The Fed professes that QE 3 or as I call it, QE Infinity (QEI), will create jobs but I am not sure how they can expect anybody to buy their rationale. As we know, QE 1 and QE 2 did very little in the way of creating jobs. Might the Fed realize that QE Infinity could actually be counter-productive to economic growth?
The choice facing the leaders of the world’s largest economies is a simple one: Either they engage in massive money printing, or they let the world slip into another great depression. This article examines why they have no choice but to print money, something which will have significant consequences for everyone. Words: 560
There is a clear link between our system of fiat (paper) money, the supply of money and credit in an economy, and the 30-year boom that came to a dramatic end in 2008. It’s only by understanding this link that investors (and anyone with wealth) can appreciate just how fragile our financial system is, and what to do to protect themselves from its inevitable collapse. [Let me explain.] Words: 961
The outcome of the election of 2012 will [only] determine the rate of speed at which we approach the [financial] cliff [because] neither political alternative is willing to change course, to steer away from the cliff. The cliff is so high that whether we go over it at 200 mph (Obama) or whether we merely slip over the edge (Romney), the end result is the same — fatal for the economy and perhaps our entire political system. It is the fall that will kill us. [This article explains why that is going to be the case.] Words: 1135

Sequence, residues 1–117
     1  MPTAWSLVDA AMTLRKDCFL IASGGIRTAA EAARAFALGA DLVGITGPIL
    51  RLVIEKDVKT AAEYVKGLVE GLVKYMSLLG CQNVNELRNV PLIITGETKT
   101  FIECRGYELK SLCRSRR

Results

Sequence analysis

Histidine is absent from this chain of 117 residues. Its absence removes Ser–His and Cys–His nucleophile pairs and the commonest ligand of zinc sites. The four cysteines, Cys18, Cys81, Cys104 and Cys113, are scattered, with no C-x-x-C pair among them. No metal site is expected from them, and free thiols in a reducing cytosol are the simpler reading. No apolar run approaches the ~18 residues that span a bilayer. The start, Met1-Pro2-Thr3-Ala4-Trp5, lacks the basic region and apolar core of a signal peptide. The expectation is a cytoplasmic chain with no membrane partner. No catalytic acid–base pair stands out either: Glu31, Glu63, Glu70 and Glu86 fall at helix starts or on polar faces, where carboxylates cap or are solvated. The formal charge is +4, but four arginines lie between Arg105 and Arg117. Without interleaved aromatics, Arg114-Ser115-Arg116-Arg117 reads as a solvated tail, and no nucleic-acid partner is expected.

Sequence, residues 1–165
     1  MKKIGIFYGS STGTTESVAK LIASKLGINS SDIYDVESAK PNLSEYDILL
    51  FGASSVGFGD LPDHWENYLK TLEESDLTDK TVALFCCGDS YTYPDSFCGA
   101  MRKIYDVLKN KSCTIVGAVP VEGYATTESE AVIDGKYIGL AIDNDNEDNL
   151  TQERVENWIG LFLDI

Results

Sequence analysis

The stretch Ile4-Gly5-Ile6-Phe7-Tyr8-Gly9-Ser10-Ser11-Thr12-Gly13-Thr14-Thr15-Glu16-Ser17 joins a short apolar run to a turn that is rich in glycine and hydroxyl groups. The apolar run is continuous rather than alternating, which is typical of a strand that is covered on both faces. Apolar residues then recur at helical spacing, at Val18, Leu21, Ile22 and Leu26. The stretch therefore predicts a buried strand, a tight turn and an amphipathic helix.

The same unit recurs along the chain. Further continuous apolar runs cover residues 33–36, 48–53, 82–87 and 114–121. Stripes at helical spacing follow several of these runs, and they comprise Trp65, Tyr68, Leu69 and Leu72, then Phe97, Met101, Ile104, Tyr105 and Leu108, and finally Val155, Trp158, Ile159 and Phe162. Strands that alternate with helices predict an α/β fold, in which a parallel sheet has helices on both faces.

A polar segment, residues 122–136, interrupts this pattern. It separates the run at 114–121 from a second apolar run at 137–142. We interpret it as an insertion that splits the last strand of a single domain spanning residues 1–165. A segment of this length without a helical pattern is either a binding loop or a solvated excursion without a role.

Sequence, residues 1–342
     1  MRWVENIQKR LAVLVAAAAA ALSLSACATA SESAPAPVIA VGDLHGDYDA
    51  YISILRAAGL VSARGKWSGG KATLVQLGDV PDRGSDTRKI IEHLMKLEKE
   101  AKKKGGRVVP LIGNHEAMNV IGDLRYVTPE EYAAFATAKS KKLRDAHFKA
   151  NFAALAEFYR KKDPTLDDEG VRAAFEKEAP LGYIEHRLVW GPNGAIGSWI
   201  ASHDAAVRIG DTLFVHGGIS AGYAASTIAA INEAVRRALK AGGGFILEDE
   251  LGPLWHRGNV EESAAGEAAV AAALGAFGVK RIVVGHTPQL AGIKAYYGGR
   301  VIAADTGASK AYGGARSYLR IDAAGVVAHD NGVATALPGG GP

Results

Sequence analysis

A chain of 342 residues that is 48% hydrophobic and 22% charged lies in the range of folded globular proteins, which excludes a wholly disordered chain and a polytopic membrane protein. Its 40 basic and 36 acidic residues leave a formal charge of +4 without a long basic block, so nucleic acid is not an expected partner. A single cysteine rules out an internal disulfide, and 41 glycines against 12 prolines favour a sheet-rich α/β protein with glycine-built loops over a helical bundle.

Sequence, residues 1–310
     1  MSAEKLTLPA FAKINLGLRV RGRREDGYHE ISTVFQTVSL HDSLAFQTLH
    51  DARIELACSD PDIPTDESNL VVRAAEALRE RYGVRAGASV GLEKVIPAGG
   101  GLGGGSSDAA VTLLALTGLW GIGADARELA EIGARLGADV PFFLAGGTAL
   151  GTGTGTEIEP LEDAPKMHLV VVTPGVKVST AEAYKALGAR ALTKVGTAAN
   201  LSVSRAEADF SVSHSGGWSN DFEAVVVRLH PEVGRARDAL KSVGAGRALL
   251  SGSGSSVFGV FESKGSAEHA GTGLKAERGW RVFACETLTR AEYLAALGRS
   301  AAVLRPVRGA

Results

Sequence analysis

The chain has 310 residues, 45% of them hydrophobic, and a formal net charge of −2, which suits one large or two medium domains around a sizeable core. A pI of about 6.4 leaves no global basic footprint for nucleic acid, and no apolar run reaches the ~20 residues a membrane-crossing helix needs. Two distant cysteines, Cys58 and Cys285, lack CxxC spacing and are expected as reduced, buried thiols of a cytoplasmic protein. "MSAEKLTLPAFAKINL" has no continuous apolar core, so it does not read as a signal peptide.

The deficits aren’t going to stop anytime soon. The debt mountain will keep growing…Obviously, the debt can’t keep growing faster than the economy forever, but the people in charge do seem determined to find out just how far they can push things….The only way for the politicians to buy time will be through price inflation, to reduce the real burden of the debt, and whether they admit it or not, inflation is what they will be praying for….[and] the Federal Reserve will hear their prayer. When will the economy reach the wall toward which it is headed? Not soon, I believe, but in the meantime there will be plenty of excitement. [Let me explain what I expect to unfold.] Words: 1833
…The US Government and its catastrophic fiscal morass are now viewed by the world as a ‘safe haven’. This would easily qualify for a comedy shtick if it weren’t so serious….[but] the establishment is thrilled with these developments because it helps maintain the status quo of the dollar standard era. However, there are some serious ramifications that few are paying attention to and are getting almost zero coverage from traditional media. [Let me explain what they are.] Words: 1150